Prof Bill Harris
Several recent concerns, including over alleged pressure
tactics by Australian-owned supermarkets, show there clearly
are ''limits'' to New Zealand's special relationship with
That is the view of Prof Bill Harris, of the University of
Otago politics department.
The New Zealand Commerce Commission is investigating
allegations this week by Labour MP Shane Jones that some
suppliers to Australian-owned Countdown supermarket chain in
this country had been unfairly pressured to make
Countdown management has denied the allegation but said there
were robust negotiations with suppliers in the best interests
of the New Zealand customer.
New Zealand food exporters have also voiced some concerns
that many supermarkets in Australia have been excluding some
New Zealand products from sale through support for a wider
''Buy Australia'' campaign.
Such supermarkets include the Australian Woolworths chain,
which owns Progressive Enterprises, which in turn owns 168
Prof Harris said recent concerns showed there were ''limits''
to the special relationship.
He acknowledged there had long been problems about exporting
New Zealand apples to Australia, and that the collapse of
Ansett Australia after it was bought by New Zealand interests
also showed some earlier difficulties in transtasman
Concerns had also been voiced about the apparent lack of
welfare support for most of about 500,000 New Zealanders who
were living in Australia, a majority of whom had not become
Prof Harris, who strongly opposes any suggestions of merging
with Australia, said there should be ''reciprocity'' and New
Zealanders living in Australia should enjoy the same rights
as Australians living here.
If the Australian Government was not prepared to provide
this, ''don't talk about special relationships'', he said.
''They're fairly tough-minded and we tend to be a bit
An Australian-based lobby group, OzKiwi, is pressing for New
Zealanders living in Australia, but who are not Australian
citizens, to have the same welfare and other rights as
Australians living in this country.
The group says that since the start of European settlement,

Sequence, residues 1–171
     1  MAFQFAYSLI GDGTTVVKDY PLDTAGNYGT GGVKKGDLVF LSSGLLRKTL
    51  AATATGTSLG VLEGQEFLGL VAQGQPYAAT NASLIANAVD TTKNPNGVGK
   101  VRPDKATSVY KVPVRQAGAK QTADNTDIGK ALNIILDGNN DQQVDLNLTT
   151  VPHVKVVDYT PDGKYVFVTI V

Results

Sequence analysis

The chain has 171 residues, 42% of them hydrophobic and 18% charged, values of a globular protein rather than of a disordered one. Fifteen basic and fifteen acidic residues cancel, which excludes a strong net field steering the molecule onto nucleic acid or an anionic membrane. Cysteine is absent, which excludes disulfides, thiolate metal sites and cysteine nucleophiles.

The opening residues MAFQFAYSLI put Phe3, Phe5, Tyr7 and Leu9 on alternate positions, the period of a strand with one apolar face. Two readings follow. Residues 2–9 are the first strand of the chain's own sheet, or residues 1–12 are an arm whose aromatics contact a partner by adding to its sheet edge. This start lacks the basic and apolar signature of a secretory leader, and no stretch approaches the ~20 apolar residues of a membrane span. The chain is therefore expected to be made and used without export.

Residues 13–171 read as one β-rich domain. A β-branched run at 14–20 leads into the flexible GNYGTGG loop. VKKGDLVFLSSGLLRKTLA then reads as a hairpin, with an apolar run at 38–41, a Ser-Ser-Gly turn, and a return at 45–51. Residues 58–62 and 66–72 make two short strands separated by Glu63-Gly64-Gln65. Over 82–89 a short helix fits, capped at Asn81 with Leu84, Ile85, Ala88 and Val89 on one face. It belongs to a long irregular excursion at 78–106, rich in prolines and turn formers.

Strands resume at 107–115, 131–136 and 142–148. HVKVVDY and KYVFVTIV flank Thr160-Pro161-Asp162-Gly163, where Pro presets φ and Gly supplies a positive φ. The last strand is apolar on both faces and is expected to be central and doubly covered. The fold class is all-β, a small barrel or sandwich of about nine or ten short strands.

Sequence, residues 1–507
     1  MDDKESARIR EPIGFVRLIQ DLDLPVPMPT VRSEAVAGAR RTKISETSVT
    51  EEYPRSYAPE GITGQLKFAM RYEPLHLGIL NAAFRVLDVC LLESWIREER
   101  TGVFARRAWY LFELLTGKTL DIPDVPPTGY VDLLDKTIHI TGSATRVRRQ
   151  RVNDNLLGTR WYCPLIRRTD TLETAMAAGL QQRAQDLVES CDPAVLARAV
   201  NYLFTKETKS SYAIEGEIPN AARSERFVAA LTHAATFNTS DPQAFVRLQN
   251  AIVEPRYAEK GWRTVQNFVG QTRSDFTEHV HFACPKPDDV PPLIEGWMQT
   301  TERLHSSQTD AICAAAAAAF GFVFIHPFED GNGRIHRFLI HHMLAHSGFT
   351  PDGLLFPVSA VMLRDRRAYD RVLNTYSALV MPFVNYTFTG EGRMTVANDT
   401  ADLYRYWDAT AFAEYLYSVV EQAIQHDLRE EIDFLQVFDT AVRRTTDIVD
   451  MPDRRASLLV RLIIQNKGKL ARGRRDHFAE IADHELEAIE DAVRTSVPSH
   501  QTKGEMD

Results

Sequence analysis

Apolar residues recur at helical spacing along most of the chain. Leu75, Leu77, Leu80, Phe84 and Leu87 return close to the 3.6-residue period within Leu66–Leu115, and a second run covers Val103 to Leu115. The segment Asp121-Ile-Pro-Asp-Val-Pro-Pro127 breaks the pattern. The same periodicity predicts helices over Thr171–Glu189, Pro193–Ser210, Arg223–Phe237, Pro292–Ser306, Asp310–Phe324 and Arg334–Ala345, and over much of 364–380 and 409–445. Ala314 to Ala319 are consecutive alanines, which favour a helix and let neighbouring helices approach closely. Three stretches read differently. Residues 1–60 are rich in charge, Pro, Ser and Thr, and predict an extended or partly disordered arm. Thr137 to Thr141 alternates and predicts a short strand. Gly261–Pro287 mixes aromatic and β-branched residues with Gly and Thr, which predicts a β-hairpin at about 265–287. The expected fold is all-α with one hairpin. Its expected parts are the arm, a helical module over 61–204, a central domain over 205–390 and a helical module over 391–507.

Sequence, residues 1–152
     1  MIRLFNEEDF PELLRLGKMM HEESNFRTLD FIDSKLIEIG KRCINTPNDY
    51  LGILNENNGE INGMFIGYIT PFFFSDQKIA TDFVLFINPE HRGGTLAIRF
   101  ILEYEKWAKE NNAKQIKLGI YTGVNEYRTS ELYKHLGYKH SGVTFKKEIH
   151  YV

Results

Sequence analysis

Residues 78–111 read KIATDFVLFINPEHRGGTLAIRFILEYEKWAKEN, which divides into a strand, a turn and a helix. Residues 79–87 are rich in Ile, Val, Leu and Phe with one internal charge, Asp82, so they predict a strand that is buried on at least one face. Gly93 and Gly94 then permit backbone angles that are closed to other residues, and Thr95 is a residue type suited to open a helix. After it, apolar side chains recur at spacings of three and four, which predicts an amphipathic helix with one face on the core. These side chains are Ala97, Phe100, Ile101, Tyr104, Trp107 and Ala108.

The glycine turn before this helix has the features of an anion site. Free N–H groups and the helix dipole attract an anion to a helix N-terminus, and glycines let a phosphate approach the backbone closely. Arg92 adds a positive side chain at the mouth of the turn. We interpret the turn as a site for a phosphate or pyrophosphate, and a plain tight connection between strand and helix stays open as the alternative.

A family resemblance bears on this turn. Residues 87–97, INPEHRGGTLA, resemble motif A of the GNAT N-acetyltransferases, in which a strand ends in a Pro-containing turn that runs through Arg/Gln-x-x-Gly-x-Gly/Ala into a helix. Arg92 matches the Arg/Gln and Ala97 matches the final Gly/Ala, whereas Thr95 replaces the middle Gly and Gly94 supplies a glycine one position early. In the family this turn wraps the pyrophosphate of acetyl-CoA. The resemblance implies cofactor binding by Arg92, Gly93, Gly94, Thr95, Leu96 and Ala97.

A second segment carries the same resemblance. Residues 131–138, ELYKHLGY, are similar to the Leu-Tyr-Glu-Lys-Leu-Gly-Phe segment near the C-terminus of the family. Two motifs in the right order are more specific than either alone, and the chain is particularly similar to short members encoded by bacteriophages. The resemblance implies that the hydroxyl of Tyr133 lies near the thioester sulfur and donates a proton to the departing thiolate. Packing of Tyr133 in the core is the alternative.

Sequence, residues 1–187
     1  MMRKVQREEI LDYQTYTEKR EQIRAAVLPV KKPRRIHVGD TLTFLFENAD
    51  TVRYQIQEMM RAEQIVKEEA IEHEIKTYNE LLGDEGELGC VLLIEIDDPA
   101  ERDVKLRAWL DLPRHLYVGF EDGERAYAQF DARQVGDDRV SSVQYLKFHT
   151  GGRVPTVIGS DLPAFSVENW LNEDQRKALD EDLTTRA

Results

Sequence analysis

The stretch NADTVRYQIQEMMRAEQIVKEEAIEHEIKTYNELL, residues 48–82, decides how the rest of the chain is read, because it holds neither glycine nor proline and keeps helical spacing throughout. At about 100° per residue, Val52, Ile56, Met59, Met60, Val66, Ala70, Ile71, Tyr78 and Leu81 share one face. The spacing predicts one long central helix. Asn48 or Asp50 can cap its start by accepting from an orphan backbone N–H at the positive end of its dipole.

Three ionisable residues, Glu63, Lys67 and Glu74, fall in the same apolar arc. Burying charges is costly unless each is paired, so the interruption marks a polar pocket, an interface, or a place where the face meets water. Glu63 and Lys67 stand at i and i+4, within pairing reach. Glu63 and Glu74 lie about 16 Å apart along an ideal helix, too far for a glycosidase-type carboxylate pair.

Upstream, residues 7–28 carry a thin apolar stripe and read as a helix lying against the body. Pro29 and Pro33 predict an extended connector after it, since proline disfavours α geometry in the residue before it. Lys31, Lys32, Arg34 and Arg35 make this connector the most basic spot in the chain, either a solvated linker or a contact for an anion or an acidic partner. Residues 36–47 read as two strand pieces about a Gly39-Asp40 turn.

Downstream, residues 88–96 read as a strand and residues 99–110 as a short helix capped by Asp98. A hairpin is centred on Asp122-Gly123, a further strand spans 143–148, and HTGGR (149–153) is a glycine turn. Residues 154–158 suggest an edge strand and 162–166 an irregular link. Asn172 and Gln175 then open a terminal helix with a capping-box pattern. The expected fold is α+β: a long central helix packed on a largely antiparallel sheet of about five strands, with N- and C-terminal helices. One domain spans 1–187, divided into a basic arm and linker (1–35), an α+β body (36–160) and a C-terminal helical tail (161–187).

there had ''effectively been free movement of people''
between the two countries, and the right to live and work in
either country had been formalised in the 1970s through the
Trans-Tasman Travel Arrangements.
Over the years, conditions had varied, but had always ensured
people moving across the Tasman ''would gain access to
government services, the right to vote, and the right to
become citizens'' either immediately, after reasonable
waiting periods, or after a simple application process.
This had changed in 2001, when the Australian Government
''imposed harsh restrictions on New Zealand citizens arriving
to live in Australia''.
This move cut off access to certain government services,
including unemployment and several other benefits, regardless
of how long people had lived in Australia, and made it much
more difficult to gain Australian citizenship.
Several hundred thousand New Zealanders had become
disenfranchised and were ''denied Government assistance in
times of need''.
By contrast, New Zealand continued to treat Australians
fairly, giving them the right to vote after one year, to
receive government services after two years and to become
citizens after five years.
Prime Minister John Key recently raised the question of
support for expat New Zealanders in talks with his Australian
counterpart, Tony Abbott, and Australia agreed to extend
student loans to the children of long-term Kiwi expats.
But Australia declined to revisit the wider issue of support
for New Zealand expats, and Mr Abbott said they should be
''lifters not leaners'', in terms of working and welfare
Prof Harris said yesterday Closer Economic Relations (CER)
with Australia was a good idea, and it was sensible to reduce
bureaucratic impediments to trade and travel between the two
In 2001 Australian political scientist Prof Bob Catley- at
that stage based at Otago University- published a book,
titled Waltzing with Matilda, which suggested New Zealand
unite with Australia.
Prof Catley argued that New Zealand could become just another
poor South Pacific outpost unless it united with Australia,
given the continuing loss of its young people abroad, mainly
Prof Harris took issue with the book at the time, saying New
Zealand was a fully viable country with a different outlook
and history, including a different approach to nuclear-free
issues and to other Pacific nations.
He said yesterday that it would still be a mistake to
integrate too closely with Australia.
New Zealanders should not be treated unfairly in Australia,
but New Zealanders who moved there ''have to be aware of what
they're going in to'', he said.
''I'm actually a bit concerned about the scale of the flow
from here to Australia.
''They can always come back. They can always come home.''
Highs and lows of CER
Closer economic relations (CER) with Australia.
• Free-trade agreement between New Zealand and Australia,
• Many achievements, including SmartGate automated border
processing system, now expanded to New Zealand, allowing
quicker entry for transtasman travellers.
• But several bumps in the journey, including long-running
ban on entry of New Zealand apples to Australian market,
officially because of fire-blight concerns. Ban lifted in
2011 after appeal to World Trade Organisation, but
difficulties for exporters remain, including high biosecurity
• Collapse of Ansett Australia airline in March 2002, after
bought by Air New Zealand in 2000, leaving questions about
increased regulatory compliance challenges faced by the New
• Changes introduced by the Australian Government in 2001
meant many New Zealanders shifting to Australia no longer had
access to Government support services, including unemployment
benefits, and it became harder to become an Australian